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Author Topic: What style of wrestling background is best in MMA? by Steve Fraser  (Read 380 times)
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« on: July 07, 2016, 06:41:08 PM »

What style of wrestling background is best in MMA?
From:     Steve Fraser <sfraser@usawrestling.org>
Date:     Thu 07/07/16 05:24 PM

June 27, 2016
By Steve Fraser
Of all the Mixed Martial Arts (MMA) practices in existence, is wrestling the most important when it comes to success in the UFC? And then, if wrestling “IS” the most important martial art, what style of wrestling is best; freestyle, Greco-Roman or folkstyle?

Back when the UFC just began, the sport of wrestling wasn’t even considered a martial art. When most people thought about martial arts, they thought about someone – yelping - as they did a spin kick to break a board (or someone’s body part). The sport of wrestling wasn’t really connected to the fighting game. In fact, most “fighting” movies or television shows always highlighted a tremendous fighter to be someone in the karate/kick boxing art. Billy Jack, Bruce Lee, Jean-Claude Van Damme, Jade Fox, Jackie Chan, Steven Seagal and Chuck Norris to name the more popular characters, fit this perception.

But in real life, and in the UFC Octagon, wrestling arguably is the most important martial art needed to succeed.

Dan Severn, who grew up in Michigan and wrestled for Arizona State, paved the way for many future wrestlers joining the UFC ranks. Dan created a style that engaged his opponents both on their feet and on the ground. He developed what later was referred to as the “ground and pound.” Mark Coleman coined the phrase but Dan introduced it to the UFC.

I remember Dan Severn traveling two or three hours from his home in Montrose, Michigan to train with me when I was coaching at Eastern Michigan University in Ypsilanti, Michigan. He was in preparation for his Ken Shamrock fight.

Dan was well versed in both freestyle and Greco-Roman. He had great leg attacks but could also pummel and throw with the best of them. In fact, against Ken Shamrock, he used his pummeling skills to keep Shamrock on his feet.

When I asked Dan what his take is on wrestling in the MMA, he said; “High level wrestlers have the work ethic and mentality that it takes to fight. What served me well was my experience in international Greco and freestyle. And Greco especially helped me in the clinch position. Once I got in the clinch, my opponents were never going to see the light of day again.” Check out www.dansevern.com

So what about the specific style of wrestling? Which style of wrestling is the better background to have in the MMA?

Of the three styles (freestyle, Greco & folkstyle) we will lump freestyle and folkstyle together, because, even though the rules are a bit different, they are similar enough. The Greco-Roman style is quite different.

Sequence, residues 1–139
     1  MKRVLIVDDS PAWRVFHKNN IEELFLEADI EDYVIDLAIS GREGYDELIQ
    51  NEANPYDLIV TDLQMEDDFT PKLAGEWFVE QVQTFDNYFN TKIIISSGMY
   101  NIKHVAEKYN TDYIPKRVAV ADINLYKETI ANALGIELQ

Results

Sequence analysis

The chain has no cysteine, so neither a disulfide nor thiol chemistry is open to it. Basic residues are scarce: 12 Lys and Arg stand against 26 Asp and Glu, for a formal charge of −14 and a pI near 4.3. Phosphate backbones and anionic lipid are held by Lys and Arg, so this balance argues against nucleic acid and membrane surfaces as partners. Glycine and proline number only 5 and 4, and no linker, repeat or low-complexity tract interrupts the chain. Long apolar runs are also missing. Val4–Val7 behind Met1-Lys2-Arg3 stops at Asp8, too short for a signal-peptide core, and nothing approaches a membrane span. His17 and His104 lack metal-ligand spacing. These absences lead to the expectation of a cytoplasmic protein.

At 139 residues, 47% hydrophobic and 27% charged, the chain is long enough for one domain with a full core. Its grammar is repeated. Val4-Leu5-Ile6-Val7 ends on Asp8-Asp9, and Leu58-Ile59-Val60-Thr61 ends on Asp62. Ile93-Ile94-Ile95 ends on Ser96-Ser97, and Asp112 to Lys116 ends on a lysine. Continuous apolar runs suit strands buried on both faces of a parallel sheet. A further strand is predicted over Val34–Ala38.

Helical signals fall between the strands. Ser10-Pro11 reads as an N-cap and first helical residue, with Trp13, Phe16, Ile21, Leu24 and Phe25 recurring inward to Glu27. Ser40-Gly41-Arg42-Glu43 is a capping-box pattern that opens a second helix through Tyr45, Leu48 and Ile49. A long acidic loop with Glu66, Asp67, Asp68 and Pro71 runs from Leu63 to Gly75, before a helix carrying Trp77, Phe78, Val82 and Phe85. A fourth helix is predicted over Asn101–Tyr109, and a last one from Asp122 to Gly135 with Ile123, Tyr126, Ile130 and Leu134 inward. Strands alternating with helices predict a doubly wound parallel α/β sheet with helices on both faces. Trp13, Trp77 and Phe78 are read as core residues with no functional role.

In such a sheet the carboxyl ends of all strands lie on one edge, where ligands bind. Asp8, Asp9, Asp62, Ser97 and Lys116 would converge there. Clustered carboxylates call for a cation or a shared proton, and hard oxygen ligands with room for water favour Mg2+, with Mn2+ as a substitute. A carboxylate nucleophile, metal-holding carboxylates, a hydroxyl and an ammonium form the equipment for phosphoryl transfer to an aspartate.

The main difference that distinguishes Greco-Roman from both freestyle and folkstyle wrestling is that Greco-Roman forbids wrestlers from grabbing below the waist. Leg attacks or using your legs to trip your foe are illegal. Greco-Roman wrestling emphasizes throwing, slamming, and lifting. UFC fighters with backgrounds in Greco-Roman wrestling include (to name just a few): Dan Severn, Randy Couture, Dan Henderson, Chael Sonnen, Joe Warren and Matt Lindland.

Freestyle and folkstyle, on the other hand, allow for attacks on the legs and one can use their legs to trip or turn their opponent. Freestyle and folkstyle wrestlers in the UFC include such names as: Daniel Cormier, Uriah Faber, Chris Weidman, Mark Coleman, Mark Kerr, Tito Ortiz, Brock Lesnar, Matt Hughes, Johny Hendricks, Rashad Evans, and the late Kevin Randleman. Actually, all of the Greco wrestlers listed previously could very well be added to this list because they all came up through the high school and collegiate system where the rules are folkstyle.

So which style has the most transferability to the MMA?

In the UFC slightly more than half of all takedowns are done with the double leg and single leg, which would lend importance to having a freestyle background. Of course, the standing clinch positions, where pummeling skills and conditioning skills come into play, also represent very successful attacks. This would lend importance to Greco.

Experts in Greco-Roman wrestling might be better at fighting in the clinch and slamming. Randy Couture was a great example of this technique in his matches with both Chuck Liddell and Gabriel Gonzaga, with the slam, as well as Tim Sylvia, who he took down numerous times from the clinch.

However, freestyle wrestlers at the Olympic level shoot and defend shots better than their Greco counterparts. When Daniel Cormier fought Dan Henderson, Cormier won the fight. Greco-Roman wrestlers have better double and single leg takedowns than their non-wrestling counterparts, largely based on their collegiate wrestling experience. They don’t have better takedowns than their freestyle counterparts who have competed at the same levels.

So which is a better background for MMA, freestyle wrestling or Greco-Roman wrestling? You call it! sfraser@usawrestling.org

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